Single engine two-seat fighter, light bomber or reconnaissance aircraft
the Italian bomber king of WWI, tried around 1937 to exceed his business.
At this time we see not only the sale of the Caproni-Bergamaschi Ca.135
medium bomber to Hungary and Peru, but also activities to sell the Ca.135
and the multi-purpose airplane Ca.310 to Belgium. The Belgian firm SABCA
acquired the licence to sell these two planes. The Belgian Air Force, at
that time, was still equipped with the old Fairey Fox two-seat light
bomber biplane, but was looking to replace it with a modern design.
Although Fairey had a strong foothold in Belgium in form of an own plant
(Aviations Fairey), SABCA and Caproni in 1938 made a new agreement to
develop a competitor to the contemporary Fairey design Battle.
got obliged with the construction of the airframe, while SABCA had to care
for engine, propeller and armament, and so the Ca.335, called "Maestrale"
(northwest wind, in French "Mistral"), was drafted by Caproni chief
engineer Cesare Pallavicino. His performance is interesting by the way, he
designed some particular aircrafts: Breda 15/18/19/27/33/39, CAB
A.P.1/C.P.3/P.L.3/P.S.1, Caproni Ca.135/Ca.308/Ca.309, after the Ca.335
the Ca.331 and Ca.355. After the war he designed the famous scooter "Lambretta",
before going to Argentina, where he created the I.Ae.30 "Namcu", a very
fast two-engined fighter similar to the De Havilland "Hornet".
chose a clear cantilever low-wing design for a crew of two. The
observer/rear gunner, sitting under a "greenhouse" glass roof in the rear
fuselage, could also perform as auxiliary pilot, having a set of controls
of his own. The construction contained of steel tubes, the fuselage was
covered with aluminium plates, the wing with plywood. The whole back edge
of the wing was covered with flaps, thus caring for short landing
The aircraft was powered by the French Hispano-Suiza HS 12Y
twelve-cylinder V-engine, delivering 860 hp and allowing to install a 20mm
cannon firing through the propeller hub. Armament was completed by two
wing-mounted 7,7 mm machine guns and a flexible one for the second crew
member. A small bomb bay could carry two 50 kg bombs, while ten 10 kg
bombs were to be mounted externally.
From the beginning, the
aircraft was designed to serve as fighter, light bomber or reconnaissance
aircraft. The airplane was completed at Caproni´s factory in Ponte San
Pietro and flew for the first time on February 16th, 1939, with test pilot
Ettore Wengi at the controls. In June that year, it was dismantled and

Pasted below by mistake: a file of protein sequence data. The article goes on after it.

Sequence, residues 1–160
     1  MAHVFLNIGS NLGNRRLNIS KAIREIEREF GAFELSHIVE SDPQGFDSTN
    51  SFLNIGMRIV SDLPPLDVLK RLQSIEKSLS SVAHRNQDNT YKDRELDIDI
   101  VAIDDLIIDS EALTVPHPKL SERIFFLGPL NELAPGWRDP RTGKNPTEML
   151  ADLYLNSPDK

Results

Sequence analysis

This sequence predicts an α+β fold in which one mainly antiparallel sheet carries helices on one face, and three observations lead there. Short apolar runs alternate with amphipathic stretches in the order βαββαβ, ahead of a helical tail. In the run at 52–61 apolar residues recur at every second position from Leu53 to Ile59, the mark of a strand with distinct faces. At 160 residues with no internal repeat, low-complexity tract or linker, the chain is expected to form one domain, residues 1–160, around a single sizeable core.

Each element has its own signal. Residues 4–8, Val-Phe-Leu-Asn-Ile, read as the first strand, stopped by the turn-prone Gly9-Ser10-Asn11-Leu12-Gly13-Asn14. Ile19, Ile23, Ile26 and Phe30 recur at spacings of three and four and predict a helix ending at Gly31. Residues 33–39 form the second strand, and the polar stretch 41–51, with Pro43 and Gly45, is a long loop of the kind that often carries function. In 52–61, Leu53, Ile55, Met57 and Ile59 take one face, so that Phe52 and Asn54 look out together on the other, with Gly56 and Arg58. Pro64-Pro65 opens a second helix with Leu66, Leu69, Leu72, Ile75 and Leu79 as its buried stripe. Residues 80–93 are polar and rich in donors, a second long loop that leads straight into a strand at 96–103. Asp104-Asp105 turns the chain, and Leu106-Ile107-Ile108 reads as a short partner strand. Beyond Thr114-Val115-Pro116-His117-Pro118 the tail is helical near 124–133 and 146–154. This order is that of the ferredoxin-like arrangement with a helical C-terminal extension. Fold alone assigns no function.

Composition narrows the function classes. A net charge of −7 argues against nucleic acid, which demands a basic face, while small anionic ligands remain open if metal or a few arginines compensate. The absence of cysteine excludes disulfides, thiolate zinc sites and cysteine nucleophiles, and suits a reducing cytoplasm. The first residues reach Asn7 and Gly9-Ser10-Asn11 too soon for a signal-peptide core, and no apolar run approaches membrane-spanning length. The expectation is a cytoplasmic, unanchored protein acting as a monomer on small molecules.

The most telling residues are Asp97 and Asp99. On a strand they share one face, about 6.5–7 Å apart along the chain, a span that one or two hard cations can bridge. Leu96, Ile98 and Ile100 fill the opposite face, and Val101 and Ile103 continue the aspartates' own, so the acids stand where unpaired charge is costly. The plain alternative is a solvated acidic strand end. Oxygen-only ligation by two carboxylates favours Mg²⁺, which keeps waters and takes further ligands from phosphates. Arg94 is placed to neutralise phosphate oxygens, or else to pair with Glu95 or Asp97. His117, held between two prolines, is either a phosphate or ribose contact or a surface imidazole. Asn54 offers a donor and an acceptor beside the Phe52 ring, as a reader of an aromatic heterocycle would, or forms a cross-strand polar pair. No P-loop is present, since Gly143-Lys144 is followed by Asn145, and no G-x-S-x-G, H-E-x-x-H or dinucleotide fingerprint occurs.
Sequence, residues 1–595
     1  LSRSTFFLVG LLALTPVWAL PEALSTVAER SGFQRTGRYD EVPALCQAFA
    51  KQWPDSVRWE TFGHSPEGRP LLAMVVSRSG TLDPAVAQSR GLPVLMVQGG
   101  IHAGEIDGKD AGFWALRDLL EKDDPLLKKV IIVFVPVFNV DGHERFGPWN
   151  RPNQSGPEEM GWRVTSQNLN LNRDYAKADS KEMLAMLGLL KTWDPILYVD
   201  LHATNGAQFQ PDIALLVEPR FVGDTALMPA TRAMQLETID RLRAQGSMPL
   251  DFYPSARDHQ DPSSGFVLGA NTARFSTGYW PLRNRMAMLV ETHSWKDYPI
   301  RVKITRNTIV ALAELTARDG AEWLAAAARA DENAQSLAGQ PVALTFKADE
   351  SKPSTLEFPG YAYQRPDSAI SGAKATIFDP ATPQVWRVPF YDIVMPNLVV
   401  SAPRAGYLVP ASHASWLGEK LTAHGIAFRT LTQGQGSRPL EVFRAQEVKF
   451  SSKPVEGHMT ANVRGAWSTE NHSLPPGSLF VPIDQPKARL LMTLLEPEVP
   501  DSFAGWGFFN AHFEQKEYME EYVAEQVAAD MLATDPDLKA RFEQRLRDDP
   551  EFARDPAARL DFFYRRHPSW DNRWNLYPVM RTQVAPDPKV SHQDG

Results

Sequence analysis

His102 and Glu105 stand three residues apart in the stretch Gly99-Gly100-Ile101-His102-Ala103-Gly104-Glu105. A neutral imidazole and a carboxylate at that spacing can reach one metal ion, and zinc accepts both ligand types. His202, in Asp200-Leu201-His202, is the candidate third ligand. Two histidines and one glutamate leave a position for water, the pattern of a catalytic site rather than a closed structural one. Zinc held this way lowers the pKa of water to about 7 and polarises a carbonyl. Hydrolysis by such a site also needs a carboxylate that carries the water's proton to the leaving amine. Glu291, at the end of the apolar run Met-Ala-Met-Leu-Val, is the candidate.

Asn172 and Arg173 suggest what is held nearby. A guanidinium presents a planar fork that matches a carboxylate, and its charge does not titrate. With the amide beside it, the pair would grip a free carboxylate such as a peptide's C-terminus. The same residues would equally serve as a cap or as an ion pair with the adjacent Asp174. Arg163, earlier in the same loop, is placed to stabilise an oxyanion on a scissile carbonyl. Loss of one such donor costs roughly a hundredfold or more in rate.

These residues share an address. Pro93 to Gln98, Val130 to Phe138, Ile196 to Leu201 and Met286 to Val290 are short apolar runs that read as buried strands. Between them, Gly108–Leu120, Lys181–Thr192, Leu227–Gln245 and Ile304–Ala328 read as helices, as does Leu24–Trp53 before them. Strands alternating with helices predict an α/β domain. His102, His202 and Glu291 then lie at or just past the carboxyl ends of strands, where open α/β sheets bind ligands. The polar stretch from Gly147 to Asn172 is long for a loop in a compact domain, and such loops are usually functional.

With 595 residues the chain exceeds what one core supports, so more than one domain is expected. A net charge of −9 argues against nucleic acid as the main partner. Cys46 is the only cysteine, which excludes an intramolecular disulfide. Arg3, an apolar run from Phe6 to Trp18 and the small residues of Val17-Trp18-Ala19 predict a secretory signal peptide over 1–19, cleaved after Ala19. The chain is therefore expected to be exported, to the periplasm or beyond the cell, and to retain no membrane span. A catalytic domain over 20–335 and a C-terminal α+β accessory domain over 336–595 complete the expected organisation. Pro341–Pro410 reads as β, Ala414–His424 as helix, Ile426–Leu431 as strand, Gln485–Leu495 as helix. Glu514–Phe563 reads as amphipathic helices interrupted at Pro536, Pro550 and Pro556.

sent by train to SABCA in Belgium. The next month, it was on display at
the Salon International at Brussels.
After fitting the missing
equipment, the flight tests continue in Belgium under the civil
and painted with Belgian
from September 19th on, with SABCA´s chief test pilot Paul Burniat at the
controls. With a speed of 501 (other source says even 515) km/h and a
ceiling of 10.500 m, the aircraft showed very fine performances. Nothing
negative is said about the flight characteristics, so it can be assumed
that the tests ran smoothly. On January 13th, it is demonstrated at Evere
to the Belgian Militaire Vliegwezen/Aéronautique Militaire. The
responsibles were quite delighted and told an option for 24 samples to be
produced. On this occasion or another, the S.47 was also shown to foreign
SABCA had purchased the manufacturing licence on
November 30th, 1939.
On January 1940 the
Sabca S.40 was officially presented at Evere airfield to the Belgian
authorities as well as to representatives of several foreign countries.
March 14th, 1940, the S.47 was flown together with the SABCA S.40 training
aircraft to Orleans-Bricy (French test center), to be presented to
officers of the French Armée de l'Air. There, because of bad weather
conditions, the aircraft is slightly damaged in a landing accident, when
it collided with a truck.
Neither in Belgium nor in France,
have been done to set up a production of the S.47 before the German troops
arrived. In Orleans, the never-repaired S.47 fell in German hands on June
13th, 1940. Caproni made a request to get the airplane back, but the
Germans (nobody can say who exactly or why) turned it down. The final fate
of the prototype is unsure, one contributor says it was still seen in
Orleans in April 1942, the other says mid-1943. Probably it was scrapped
there, it was surely not brought to Germany.
One can say in
mid-1940, the Regia Aeronautica had no interest in the type and did not
support Caproni´s request. Also, the Ca.335 followed Belgian
requirements, not Italian ones. Another difficulty surely was caused by
the French inline engine, while Italy had nothing of its own to replace it
and deliveries from defeated France were unsure or at least politically
Text and research by
Holger Bergman - Additional information by "Ghiblie", Charles Mali, Luc
Vanden Eynde and Daniel Brackx